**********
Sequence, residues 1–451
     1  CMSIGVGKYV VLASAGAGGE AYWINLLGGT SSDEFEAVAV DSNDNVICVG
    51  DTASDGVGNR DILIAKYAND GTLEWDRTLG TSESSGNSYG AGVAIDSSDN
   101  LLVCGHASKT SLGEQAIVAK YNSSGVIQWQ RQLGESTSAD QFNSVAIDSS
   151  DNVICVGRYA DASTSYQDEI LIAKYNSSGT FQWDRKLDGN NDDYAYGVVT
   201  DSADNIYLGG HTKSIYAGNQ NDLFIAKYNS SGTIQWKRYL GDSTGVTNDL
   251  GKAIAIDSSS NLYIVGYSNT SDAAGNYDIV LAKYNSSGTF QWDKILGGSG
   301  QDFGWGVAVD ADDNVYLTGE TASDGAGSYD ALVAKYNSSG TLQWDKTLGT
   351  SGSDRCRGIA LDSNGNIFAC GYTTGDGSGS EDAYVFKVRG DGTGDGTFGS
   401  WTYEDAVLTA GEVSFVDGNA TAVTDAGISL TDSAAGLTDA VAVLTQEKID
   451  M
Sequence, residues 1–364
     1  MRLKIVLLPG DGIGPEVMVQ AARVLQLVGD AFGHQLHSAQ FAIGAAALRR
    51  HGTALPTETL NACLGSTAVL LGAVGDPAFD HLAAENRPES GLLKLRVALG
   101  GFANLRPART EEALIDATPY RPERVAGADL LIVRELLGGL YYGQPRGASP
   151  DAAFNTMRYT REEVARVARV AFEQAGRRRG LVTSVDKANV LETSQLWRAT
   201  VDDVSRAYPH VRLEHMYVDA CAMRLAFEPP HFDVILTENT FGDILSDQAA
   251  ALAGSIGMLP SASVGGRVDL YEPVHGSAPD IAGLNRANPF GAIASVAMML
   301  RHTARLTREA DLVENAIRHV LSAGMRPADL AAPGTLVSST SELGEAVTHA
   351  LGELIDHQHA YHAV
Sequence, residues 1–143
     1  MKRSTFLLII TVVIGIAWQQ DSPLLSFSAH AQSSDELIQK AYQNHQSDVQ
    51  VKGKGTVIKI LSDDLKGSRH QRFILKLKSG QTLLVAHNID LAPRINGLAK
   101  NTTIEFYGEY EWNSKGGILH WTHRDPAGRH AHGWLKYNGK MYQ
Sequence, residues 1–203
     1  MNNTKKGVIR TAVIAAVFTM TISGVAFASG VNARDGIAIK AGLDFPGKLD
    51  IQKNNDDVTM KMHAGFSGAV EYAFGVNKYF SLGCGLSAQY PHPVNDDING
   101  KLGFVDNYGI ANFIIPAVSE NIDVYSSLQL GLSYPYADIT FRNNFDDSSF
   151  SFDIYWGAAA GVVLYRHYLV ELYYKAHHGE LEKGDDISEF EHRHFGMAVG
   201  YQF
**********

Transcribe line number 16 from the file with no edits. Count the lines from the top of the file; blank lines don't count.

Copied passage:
   151  DAAFNTMRYT REEVARVARV AFEQAGRRRG LVTSVDKANV LETSQLWRAT